You’ve always been really honest about yourself in your music and are a self-proclaimed freak, is that the real you or does this play into your persona as an artist?
I think if you’ve ever seen me live, if you ever had a conversation, there would be no question. At the end of the day, I don’t give a fuck what people think about me because anyone who knows me, would never question anything I do. My music is such a true and honest extension of who I am and an honest projection of who I am, I don’t care. All these people have opinions about my personality and have never met you. I don’t really give a fuck about people’s opinions. I’m more keen on creating music that’s exactly who I am.
In other interviews, you’ve said you were competitive and you were defensive about other people staying out of your lane as an artist. What makes your lane different?
That was a general statement more so about people being creative. That’s another thing, in context of what I was saying, what I really meant by that is at this point in time, the redundancy of repetition and the same fucking sounds, the same topics, the same bullshit soulless R&B is over. I’m tired of it. I think most people are tired of it. I think that’s why this alternative sound—it’s not one sound, but it’s all alternative. It’s not what’s expected from the passive R&B listener. I think that’s why it’s appealing. What I was saying is that for those artists who are looking to make a career out of music, find your own place. Discover yourself and make yourself and your honest perspective a part of your artistry and your creativity. Don’t look at me and do what I’m doing or the next person to do what they’re doing—do what you do. The moment we stop trying to copy each other, this genre will just become a stereotype because people kept copying each other. That’s what I meant by that.
Speaking of the amount of repetition in R&B, your music is not in that lane—it appeals to everyone, even people who aren’t R&B fans. What do you feel like you did to be different and not have the same sounds that became redundant?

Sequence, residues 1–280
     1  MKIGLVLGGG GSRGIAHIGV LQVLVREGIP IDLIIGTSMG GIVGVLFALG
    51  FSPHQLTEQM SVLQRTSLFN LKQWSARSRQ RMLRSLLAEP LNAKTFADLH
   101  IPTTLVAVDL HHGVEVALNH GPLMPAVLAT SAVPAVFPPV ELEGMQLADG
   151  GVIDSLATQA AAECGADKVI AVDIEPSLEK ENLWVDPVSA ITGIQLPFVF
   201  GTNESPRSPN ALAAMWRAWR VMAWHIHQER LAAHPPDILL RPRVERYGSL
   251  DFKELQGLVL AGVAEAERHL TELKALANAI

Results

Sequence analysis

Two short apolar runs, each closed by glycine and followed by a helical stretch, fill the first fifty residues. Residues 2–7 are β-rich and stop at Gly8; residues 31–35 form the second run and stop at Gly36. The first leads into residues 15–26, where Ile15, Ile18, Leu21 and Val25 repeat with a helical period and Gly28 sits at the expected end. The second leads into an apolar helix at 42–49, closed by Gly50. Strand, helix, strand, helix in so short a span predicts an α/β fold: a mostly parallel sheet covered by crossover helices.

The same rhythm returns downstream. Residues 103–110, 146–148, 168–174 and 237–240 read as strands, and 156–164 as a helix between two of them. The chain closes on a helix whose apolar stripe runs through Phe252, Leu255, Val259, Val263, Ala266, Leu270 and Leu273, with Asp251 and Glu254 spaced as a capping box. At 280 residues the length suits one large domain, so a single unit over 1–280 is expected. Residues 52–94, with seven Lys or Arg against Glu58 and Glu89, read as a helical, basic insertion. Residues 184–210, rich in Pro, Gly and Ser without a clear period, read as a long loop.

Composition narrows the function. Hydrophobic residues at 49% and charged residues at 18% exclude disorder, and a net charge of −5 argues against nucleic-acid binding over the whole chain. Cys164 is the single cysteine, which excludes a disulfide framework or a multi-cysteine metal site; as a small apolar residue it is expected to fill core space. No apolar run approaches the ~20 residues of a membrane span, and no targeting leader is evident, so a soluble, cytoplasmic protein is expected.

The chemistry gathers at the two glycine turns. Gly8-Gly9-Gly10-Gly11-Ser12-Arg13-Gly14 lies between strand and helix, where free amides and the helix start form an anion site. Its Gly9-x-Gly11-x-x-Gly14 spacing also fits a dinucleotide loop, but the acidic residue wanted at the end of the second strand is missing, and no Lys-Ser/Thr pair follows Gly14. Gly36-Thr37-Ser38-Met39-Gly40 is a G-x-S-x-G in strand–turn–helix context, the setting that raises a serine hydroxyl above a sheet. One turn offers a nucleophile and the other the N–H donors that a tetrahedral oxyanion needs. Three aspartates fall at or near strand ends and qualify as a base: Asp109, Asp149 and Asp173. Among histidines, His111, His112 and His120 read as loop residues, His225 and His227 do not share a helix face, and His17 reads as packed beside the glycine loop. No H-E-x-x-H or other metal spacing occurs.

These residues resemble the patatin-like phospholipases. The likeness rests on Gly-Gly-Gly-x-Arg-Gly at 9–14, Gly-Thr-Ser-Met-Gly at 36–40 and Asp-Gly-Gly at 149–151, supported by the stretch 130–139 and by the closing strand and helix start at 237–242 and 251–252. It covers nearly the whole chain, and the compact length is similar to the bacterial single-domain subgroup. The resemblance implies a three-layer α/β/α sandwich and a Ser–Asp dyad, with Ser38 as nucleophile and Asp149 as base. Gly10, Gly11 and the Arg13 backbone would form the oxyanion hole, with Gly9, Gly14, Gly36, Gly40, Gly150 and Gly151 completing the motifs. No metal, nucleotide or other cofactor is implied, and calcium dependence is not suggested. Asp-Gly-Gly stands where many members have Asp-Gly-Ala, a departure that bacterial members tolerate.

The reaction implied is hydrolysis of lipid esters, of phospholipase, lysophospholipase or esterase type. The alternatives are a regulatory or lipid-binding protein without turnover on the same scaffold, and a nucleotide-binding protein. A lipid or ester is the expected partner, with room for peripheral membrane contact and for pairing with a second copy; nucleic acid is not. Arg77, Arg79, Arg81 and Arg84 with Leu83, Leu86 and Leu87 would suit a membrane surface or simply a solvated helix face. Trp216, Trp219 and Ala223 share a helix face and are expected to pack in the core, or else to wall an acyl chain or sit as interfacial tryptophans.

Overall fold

I don’t really know how to answer that, I just said what I was thinking.
Overall, the R&B scene has changed a lot recently. What can we look forward to on your upcoming album?
As far as what I’m trying to get across or communicate with this album I think more than anything it’s about who I really am. It’s about what I’m into. It’s about my lifestyle, I just wanted my music to sound like my life. I wanted the textures, I wanted the colors to be as true as possible to what I live through, my thoughts. My friends, even. My peers. The settings that I find myself in. All of that.
You mentioned there wasn’t going to be many features on your album, either. You want to stick to it being your music.
I believe in the music and I feel like the music speaks for itself. I’m coming to a place where who I am and my sound cuts through where it’s recognizable but at this point, I just wanted to make people get more familiar with me.
What makes your live performances so intimate? You just performed at MoMA PS1: Warm Up and now you’ve lined up a few shows before the album drops.
The PS1 show was fun, it was more than anything a great introduction to people who have no idea who I am. A different crowd. But, my real live show is a lot more dynamic, a lot more passionate, more so because I have my full band and that’s what inspires me. Definitely a bit more space on stage too because I didn’t really get to move. [Laughs]
Like you said, you’re introducing yourself to new crowds and your fanbase is really diverse because, as I said before, your music appeals to so many people. You’ve gone beyond R&B, and I feel like this is happening in R&B in general, and that’s what we’re hoping for with your new album.
I’m so happy. Going to The Warm Up last year was really like, ‘Man, how ill would it be to perform?’ This is something I would be at, my friends are there, it’s where I’d be anyway. I thought it’d be dope to play music there and I think that’s another thing, I didn’t feel like my music was touching my friends—the people I hang out with, the people who live similar lifestyles and have similar interests.
Why didn’t you think your music was touching your friends?
More so, because of how it was being marketed. It wasn’t that the music couldn’t connect to them, it’s just that it was being marketed in a way that wasn’t appealing.
How did you feel it was being marketed?
As traditional. It was frustrating but at the same time, I did a lot of learning and that’s why this time around it’s very important to get the people around me to step outside of the box and to see I’m not to be put in one, and neither should the music. So, that’s why an opportunity like that was so cool. Jamie xx going right after us and all sets from the DJs. The Warm Up is always so much fun.
Do you feel like your friends will be able to relate more to your new album?
I think my friends have always supported my music—my real friends—but what I’m saying is my peers, the ones that go to the same dive bars. We’re not bottle poppers. We don’t go to the club and get tables. We like live DJ sets with actual turntables. We drink Jameson or Jack Daniels. I’m trying to describe the sensibility.
So you’ve been living a completely different lifestyle than you were marketed as.
Exactly. That’s what was important this time around was that I was touching the people with similar interests and sensibilities.